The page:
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April 1975 · Vol. 4 No. 2 · pp. 294–302 

Garden of God

Arthur DeFehr

One summer day in 1963 I visited the infamous Berlin Wall and, standing on a platform just behind the wall, I gazed past the Brandenburg Gate into the Eastern Zone. In the distance I could see a group of people behind some barricades, waving frantically. My imagination brushed in the details of the lives and emotions of those distant individuals. The following day I crossed into the Eastern Zone and happened to pass the spot I had seen the day before. To my surprise there was a group of tourists like myself happily waving to our comrades in the West.

What we see and how we interpret what we see depends on the place from which we look. Two and a half years ago the Mennonite Central Committee invited me to assume the responsibilities of Director for their program in Bangladesh. For two years I looked at myself, my neighbour, my world, and my God from a different perspective. To gain that perspective I travelled through 12 time zones and precisely 180 degrees longitude and from a cold climate to a tropical one, from a Christian country to a non-Christian one, from the wealthiest of civilizations to the very poorest, from a land of open spaces to the most crowded spot on earth; from a white society to a non-white society, from a place of hope to a place without hope.

From that vantage point I, my neighbour, my world, and my God looked different, devastatingly different! I could tell you heart-rending stories about Bangladesh. You would feel uncomfortable for a few minutes, but that would pass. I don’t intend to let you get off that easily! With one foot firmly fixed in the filth of the world’s worst refugee camps and the other in the depleted soil of a community which is descending the final curves of the limits to growth projections, let me tell you what my God, my world, my neighbour, and I myself looked like.

I am not a theologian. Theology is the filter we put between man’s soul and God’s revelations. Since there are many filters, each labelled and well-described, each represented by its own scholars, books and institutions, we can even choose in advance which filter we will insert between ourselves and God. My two years in Bangladesh shattered the filter that had developed within me over the previous 29 years, and I suddenly saw many things that had previously been filtered out. Many comfortable assumptions lay in shreds. When I picked up my Bible, the words took on such strange meanings that it seemed like a different book about a different God.

Where does a man position himself when he looks at the universe and his place in it? At the centre of course! We begin with the implicit assumption that man is the purpose and end-product of creation, and {295} therefore all other factors are subordinate. Interestingly, whether we are Christians or not, we still end up with man in the same place—the centre. If there is any one thing that looked different from that other vantage point, it is the place of man in the whole scheme of things. I intend to test our historical perspective by beginning with the premise that man is somewhere else than at the centre.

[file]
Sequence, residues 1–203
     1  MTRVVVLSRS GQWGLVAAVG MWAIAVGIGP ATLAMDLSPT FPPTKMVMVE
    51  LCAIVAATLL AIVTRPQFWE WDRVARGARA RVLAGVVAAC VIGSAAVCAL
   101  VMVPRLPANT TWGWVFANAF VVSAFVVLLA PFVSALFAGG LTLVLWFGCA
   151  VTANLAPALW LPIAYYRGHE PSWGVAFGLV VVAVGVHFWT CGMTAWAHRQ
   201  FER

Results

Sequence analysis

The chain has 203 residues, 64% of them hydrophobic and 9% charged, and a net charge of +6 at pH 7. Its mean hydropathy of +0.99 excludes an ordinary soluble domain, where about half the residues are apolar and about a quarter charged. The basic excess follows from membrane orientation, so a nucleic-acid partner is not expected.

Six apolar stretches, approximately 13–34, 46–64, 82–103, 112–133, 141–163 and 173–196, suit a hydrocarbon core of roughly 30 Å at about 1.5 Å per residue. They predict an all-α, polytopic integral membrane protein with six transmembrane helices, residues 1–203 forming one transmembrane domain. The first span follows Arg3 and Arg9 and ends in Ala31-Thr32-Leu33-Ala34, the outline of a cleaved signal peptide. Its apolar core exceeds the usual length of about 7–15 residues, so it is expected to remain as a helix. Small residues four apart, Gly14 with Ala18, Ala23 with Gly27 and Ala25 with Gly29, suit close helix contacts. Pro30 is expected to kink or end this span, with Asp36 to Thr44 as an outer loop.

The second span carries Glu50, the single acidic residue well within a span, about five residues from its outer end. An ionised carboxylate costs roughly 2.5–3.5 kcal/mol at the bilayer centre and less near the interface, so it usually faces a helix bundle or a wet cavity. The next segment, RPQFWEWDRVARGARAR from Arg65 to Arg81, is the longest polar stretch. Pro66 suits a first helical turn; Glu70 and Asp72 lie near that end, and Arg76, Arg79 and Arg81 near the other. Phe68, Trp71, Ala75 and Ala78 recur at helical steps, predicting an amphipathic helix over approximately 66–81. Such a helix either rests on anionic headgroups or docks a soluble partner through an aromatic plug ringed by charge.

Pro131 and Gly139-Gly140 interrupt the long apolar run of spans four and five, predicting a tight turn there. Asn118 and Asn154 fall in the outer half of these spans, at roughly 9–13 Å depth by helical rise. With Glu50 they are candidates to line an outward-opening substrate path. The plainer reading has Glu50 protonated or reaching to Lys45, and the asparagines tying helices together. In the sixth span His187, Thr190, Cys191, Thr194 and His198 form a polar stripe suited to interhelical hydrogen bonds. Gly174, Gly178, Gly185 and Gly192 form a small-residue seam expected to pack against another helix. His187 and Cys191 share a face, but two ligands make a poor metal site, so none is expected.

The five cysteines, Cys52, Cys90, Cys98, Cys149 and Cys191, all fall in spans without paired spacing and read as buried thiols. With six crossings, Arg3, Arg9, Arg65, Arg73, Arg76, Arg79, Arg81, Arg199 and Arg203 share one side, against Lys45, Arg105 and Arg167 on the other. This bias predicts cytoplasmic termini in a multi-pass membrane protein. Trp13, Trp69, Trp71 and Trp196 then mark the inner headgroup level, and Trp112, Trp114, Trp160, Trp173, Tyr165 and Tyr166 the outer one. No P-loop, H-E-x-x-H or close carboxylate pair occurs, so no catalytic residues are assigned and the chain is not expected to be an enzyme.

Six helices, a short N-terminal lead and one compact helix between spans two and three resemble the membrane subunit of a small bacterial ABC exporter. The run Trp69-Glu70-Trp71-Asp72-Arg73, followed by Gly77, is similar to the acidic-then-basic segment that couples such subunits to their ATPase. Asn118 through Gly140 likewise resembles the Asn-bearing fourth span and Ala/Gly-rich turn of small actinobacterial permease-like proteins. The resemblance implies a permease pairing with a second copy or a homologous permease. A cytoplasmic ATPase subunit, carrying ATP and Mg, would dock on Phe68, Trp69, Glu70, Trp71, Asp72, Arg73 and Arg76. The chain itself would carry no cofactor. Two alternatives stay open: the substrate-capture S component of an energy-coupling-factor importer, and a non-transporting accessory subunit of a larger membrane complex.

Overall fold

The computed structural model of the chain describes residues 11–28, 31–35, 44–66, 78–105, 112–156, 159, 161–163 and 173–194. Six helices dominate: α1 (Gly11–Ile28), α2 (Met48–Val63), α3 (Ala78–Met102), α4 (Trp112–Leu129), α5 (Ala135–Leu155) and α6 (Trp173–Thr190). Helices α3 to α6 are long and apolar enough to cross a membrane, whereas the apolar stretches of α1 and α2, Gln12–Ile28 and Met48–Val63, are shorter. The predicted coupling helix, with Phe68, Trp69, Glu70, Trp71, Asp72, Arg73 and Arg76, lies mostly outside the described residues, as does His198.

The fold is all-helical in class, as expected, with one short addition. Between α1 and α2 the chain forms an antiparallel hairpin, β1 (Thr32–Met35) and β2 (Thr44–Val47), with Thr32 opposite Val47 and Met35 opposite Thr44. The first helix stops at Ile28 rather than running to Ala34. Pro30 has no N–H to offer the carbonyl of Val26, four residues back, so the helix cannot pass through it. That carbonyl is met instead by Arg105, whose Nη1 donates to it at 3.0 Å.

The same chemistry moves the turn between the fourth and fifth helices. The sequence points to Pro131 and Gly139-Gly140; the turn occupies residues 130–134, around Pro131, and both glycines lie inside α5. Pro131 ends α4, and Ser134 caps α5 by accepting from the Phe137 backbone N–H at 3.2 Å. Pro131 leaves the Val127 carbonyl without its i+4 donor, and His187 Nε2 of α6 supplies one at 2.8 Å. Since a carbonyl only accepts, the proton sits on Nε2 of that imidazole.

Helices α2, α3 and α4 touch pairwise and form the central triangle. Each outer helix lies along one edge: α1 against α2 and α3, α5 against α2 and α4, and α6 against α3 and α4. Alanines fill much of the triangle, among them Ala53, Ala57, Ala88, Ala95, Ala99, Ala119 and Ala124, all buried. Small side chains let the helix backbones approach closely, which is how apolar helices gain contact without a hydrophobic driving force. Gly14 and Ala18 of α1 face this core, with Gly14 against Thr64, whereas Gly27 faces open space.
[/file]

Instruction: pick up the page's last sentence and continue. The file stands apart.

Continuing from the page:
The Bible begins with the marvelous story of God taking a “shapeless chaotic mass” and creating an order of things, culminating in the highest order of creation—man.

Then God said, Let us make a man—someone like ourselves, to be master of all life upon the earth and in the skies and in the seas; so God made man like his maker. . . .

Genesis 1 deals with creation in hierarchical fashion, and without a doubt man represents the peak of the creation process. Does this mean, however, that man is the purpose of creation and can use the awesome powers granted to him as the highest order of creation only to serve his own ends? Is being at the top of the creation process a right or a responsibility?

Genesis 2 deals with the creation process again, but in a more subtle qualitative manner.

The time came when the Lord God formed a man’s body from the dust of the ground and breathed into it the breath of life. And man became a living person. Then the Lord God planted a garden in Eden, to the east, and placed in the garden the man he had formed. The Lord God planted all sorts of beautiful trees there in the garden, trees producing the choicest of fruit. At the centre of the garden he placed the Tree of Life, and also the Tree of Conscience, giving knowledge of Good and Bad.

It is noteworthy that man was created from the same building blocks as the rest of creation—the dust of the ground, and God added the “breath of life.” Then God placed man in the garden. He didn’t give man the garden, or place him in the centre of the garden; he simply placed man in the garden just as the trees and the rest of the components were placed in the garden. What was at the centre of the garden? Two trees, representing two choices, choices to which we will come back later.

A garden—has it ever occurred to you why God chose this particular image? A garden is a combination of soil, water, and plants which produces useful things. However, a garden is not a closed system or an ecologically balanced system like a patch of jungle or a swamp. It requires one extra dimension to become a closed system—the knowledge and care of the gardener. Given this combination, a garden can truly become an ecologically balanced system which can permit its constituent parts to function at their full potential. Such a system, a garden, has no life span; it can continue forever. {296}

Continuing with the creation story. . . . “The Lord God placed the man in the Garden of Eden as its gardener, to tend and care for it. But the Lord God gave the man this warning: ‘You may eat any fruit in the garden except fruit from the Tree of Conscience—for its fruit will open your eyes to make you aware of right and wrong, good and bad. If you eat its fruit, you will be doomed to die.’ ”